Nostalgia is funny
Last July I wrote a piece titled ‘We must take a serious approach to comedy archives‘ which described the efforts of comedian-turned-academic Dr Oliver Double to set up a comedy collection at the University of Kent. The venture was announced after the bequeathing of scripts and recordings belonging to the late of Linda Smith. The British Comedy Archive was thus born.
Apparently this laudable venture is still birthing, and sourcing new artefacts, but, while we wait, the Museum of Comedy has arrived to sate our lust for comedy nostalgia.
To deserved fanfare this week, Martin Witts, director of the Leicester Square Theatre, announced the new museum would open at the end of April, under the crypt of St George’s Church in Bloomsbury. It will house everything from Charlie Chaplin’s cane to copies of contracts.
A month later, a 100-seater venue will open within the museum that will be used for comedy workshops and screenings, featuring the likes of Jerry Sadowitz. Meanwhile, it’s hoped that Paul Merton will use the venue for a silent films season.
Given the rich comedy heritage across the UK, it would be great to see other such ventures spring up over time. One assumes that there are other collectors out there who could exhibit some fascinating memorabilia.
With the club scene experiencing uncertainly, further combinations of a museum/collection with a living and breathing performance space are a welcome addition, and could see that past glories ensuring future stars.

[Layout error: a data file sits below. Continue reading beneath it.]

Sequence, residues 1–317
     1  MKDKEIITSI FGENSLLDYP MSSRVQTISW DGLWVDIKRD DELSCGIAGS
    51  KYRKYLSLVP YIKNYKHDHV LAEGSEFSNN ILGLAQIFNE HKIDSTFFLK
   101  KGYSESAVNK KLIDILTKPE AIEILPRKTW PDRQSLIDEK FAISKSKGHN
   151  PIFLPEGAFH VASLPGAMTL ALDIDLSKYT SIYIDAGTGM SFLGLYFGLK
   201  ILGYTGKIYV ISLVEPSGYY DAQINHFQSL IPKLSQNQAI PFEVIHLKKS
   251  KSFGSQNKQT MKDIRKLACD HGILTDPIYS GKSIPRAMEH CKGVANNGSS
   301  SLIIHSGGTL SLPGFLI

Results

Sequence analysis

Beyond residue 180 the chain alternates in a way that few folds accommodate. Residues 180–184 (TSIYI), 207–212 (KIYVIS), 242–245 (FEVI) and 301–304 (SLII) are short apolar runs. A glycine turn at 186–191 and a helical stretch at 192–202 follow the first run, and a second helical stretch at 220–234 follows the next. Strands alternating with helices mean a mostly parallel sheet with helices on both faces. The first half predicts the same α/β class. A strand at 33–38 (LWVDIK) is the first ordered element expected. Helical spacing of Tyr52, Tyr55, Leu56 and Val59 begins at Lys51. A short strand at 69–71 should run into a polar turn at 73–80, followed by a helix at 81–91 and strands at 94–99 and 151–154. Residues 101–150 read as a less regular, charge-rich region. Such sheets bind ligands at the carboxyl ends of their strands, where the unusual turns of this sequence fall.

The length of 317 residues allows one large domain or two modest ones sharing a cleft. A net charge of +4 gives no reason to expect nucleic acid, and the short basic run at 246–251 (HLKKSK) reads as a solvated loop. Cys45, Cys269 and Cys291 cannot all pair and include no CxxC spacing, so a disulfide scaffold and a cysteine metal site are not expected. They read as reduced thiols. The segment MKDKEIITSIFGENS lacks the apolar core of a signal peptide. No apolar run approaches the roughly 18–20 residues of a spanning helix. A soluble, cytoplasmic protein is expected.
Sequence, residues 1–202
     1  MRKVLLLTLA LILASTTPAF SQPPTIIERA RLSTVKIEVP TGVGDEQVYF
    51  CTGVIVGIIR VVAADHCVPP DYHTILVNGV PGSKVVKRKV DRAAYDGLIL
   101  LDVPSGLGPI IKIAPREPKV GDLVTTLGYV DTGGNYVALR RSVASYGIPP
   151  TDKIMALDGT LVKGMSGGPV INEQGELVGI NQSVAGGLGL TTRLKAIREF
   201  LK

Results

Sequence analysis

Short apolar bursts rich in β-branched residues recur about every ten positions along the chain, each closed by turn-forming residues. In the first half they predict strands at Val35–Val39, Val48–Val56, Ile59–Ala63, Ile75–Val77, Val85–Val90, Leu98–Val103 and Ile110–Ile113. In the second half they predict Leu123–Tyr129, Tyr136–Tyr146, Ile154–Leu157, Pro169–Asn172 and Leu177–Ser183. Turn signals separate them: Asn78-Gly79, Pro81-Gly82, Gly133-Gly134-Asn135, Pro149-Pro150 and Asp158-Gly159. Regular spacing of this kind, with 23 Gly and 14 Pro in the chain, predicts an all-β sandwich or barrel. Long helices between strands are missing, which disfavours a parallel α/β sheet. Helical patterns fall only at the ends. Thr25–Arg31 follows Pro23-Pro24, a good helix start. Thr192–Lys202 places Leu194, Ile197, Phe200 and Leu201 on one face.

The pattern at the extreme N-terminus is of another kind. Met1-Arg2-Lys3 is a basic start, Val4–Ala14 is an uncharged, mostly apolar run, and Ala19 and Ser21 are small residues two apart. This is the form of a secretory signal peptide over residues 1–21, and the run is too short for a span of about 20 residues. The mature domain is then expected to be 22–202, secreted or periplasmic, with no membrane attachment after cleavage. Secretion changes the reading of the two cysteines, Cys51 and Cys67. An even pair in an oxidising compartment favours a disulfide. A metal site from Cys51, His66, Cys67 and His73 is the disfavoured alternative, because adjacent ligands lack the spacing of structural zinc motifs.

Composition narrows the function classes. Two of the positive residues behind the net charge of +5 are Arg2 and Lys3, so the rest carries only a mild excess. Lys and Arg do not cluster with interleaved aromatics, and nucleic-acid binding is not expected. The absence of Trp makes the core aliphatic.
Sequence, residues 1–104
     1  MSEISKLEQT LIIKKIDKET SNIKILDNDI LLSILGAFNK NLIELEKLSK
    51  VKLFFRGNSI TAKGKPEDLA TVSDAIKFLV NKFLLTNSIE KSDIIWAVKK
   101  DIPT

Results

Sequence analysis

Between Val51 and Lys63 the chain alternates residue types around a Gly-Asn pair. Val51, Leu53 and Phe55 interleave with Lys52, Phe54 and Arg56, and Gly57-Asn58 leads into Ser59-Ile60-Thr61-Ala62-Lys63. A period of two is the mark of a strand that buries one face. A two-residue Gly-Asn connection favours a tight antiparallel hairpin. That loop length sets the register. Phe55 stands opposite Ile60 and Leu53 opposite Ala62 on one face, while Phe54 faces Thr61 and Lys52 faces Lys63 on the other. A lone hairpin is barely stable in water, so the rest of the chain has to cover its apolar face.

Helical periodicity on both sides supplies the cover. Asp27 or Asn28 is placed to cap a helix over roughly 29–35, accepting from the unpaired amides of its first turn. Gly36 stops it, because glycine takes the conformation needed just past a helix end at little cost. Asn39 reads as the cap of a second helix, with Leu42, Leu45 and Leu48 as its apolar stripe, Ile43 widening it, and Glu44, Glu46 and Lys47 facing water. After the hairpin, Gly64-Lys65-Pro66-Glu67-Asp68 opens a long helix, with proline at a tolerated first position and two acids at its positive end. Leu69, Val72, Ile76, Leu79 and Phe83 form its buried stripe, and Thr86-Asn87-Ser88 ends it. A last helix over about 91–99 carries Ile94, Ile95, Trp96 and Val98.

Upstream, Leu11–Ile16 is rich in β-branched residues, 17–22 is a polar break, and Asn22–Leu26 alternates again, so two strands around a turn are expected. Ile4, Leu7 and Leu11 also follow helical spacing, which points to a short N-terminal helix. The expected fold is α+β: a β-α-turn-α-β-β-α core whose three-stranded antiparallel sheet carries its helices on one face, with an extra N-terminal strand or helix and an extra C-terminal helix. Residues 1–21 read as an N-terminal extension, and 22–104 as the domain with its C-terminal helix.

It was announced on Thursday that Monty Python’s July 20th date at the 02 will be their last, and that there was to be no world tour. The announcement came in a press release timed at 5pm with an embargo at 6.30pm.
I must admit that I didn’t clock the embargo and immediately reached for Twitter to jokingly speculate whether the Pythons had already fallen out in rehearsal, playing on some previous coverage of their relationship. With a tour titled One Down Five To Go, these chaps can take a joke.
Minutes later, I took a call from the PR to politely request me to consider taking it down, and adding that the sketch legends hadn’t started rehearsing yet. At first I was a bit miffed that this apparent sense of humour failure, but, given the reasonable tone and the proximity of the embargo I decided I would.
About 6pm the inevitable happened and the embargo started to crumble and the Twittersphere was more or less aware of the news. I duly made my gag.
What stuck with me was that this was the first time I has ever come up against an embargo, and how odd a concept they seem in a world of fast-moving information. They are, I suppose, the PR equivalent of making the audience wait before curtain-up, an appetite-whetting exercise.
They seem a bit quaint in the age of Twitter though, especially an hour or so before an event that doesn’t really require pre-research, something that embargoes were set up to allow for. What’s more the embargo tends to create ‘scoop fever’ between publications and bloggers all poised to break it. The risk here being that once broken, other outlets may push it down their news agenda.
In this case, the exact time of the Python’s demise, morbid fascination was always guaranteed
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